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Jakarta Post

Grassroots pioneers fight against intolerance

  • The Jakarta Post

    The Jakarta Post

Jakarta   /   Thu, July 4, 2013   /  08:55 am

Lusiman Senen is the kind of son any parents would boast about. He is the school'€™s soccer star and is also active in student organizations as well as taking part in neighborhood functions.

A devoted Muslim from South Halmahera, North Maluku, Lusiman is taking his social skills to another level by spending his vacation living with a Catholic family of Chinese descent in Jakarta.

Lusiman is among 10 high-school students from nine provinces selected to join an exchange program aimed at promoting the importance of diversity and nationalism.

The program, dubbed SabangMerauke, is probably the first of its kind designed to help students understand diversity in a country that hosts more than 1,100 ethnic groups.

Sabang-Merauke co-founder Aichiro Suryo Prabowo said that the participating students would directly experience the diversity of Indonesia by living with host families from different cultural and religious backgrounds.

Aichiro said that he and his two co-founders, Ayu Kartika Dewi and Dyah Widiastuti, established the program on Oct. 28 last year after being inspired by their own student-exchange experiences in other countries. '€œIf they can treat foreigners well, why can'€™t we? We can end clashes caused by diversity if we are open-minded and consider diversity as an asset to our country.'€

Ayu said that Indonesians from childhood needed to understand the danger of disputes over diversity.

She said she witnessed the dangers of intolerance when she was a voluntary teacher in a Muslim village in Halmahera in 2000. '€œThe Christian-Muslim conflict in Maluku'€™s capital city of Ambon from the previous year continued to have a social impact. Some students who had never met Christians told me, '€˜Be careful Ma'€™am, some Christians might burn down your house later'€™.'€

She said that diversity should be taught not only through textbooks but also through experiences.

Despite its long-held respect for pluralism, the world'€™s largest Muslim-majority country is moving toward becoming an intolerant nation.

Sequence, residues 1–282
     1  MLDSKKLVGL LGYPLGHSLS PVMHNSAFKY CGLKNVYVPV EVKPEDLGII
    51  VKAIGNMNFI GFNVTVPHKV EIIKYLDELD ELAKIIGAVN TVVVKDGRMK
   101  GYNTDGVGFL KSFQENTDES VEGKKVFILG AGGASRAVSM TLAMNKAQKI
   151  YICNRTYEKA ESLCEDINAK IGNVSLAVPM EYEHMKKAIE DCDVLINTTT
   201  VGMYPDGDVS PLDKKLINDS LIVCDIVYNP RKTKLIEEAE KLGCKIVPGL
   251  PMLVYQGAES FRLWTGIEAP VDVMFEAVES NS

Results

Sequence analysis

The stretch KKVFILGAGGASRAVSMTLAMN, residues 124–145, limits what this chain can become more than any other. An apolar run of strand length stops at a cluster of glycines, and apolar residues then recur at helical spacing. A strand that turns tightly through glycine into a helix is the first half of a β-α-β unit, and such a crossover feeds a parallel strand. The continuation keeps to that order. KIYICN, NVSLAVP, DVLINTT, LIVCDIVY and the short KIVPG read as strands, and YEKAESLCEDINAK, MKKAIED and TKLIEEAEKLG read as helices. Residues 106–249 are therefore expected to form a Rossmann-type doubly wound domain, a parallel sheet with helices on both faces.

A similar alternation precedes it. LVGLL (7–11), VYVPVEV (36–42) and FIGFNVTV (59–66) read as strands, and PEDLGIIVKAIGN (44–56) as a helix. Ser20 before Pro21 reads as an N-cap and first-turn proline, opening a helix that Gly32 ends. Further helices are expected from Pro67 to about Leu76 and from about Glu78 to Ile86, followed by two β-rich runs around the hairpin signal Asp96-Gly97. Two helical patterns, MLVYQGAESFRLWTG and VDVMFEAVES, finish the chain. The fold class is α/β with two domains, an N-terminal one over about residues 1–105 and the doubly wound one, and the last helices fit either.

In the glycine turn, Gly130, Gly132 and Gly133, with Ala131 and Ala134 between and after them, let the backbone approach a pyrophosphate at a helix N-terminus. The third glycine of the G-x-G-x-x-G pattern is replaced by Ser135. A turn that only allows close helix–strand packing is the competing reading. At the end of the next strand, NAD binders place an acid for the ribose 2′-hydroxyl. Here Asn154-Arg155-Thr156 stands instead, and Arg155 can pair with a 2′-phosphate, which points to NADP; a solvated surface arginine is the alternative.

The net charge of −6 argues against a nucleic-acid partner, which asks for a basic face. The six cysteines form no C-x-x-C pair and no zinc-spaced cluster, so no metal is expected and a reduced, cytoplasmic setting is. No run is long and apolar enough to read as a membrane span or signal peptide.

A survey by the Indonesian Survey Circle (LSI) late last year found 15.1 percent of respondents had an aversion to people of different faiths, up from 8.2 percent in 2005.

In January, a study by the Centre for Strategic and International Studies (CSIS) revealed 68.2 percent of respondents would reject people of a different faith building a place of worship in their neighborhood.

Award-wining educator Retno Listyarti believes that intolerance among students basically stems from '€œnarrow-mindedness'€.

In order to solve the problem, Retno has developed a teaching method for high-school students to easily understand the importance of tolerance. The method is in the form of interactive teaching through a game in which students are forced to think critically about issues related to religious differences. '€œDuring the game I ask my students whether they know about the Ahmadiyah and whether they agree with their persecution. The questions will eventually boil down to '€˜why?'€™.'€

Gadjah Mada University has also developed a method to help fight radicalism through discussion forums held by the newly established Youth Center of the political and social science faculty. '€œRadicalism is basically caused by homogenous social interaction. One way to fight it is to have students from various communities share and exchange their ideas,'€ said the university'€™s sociologist, Muhammad Najib Azca, who is involved in the program. (ian/koi)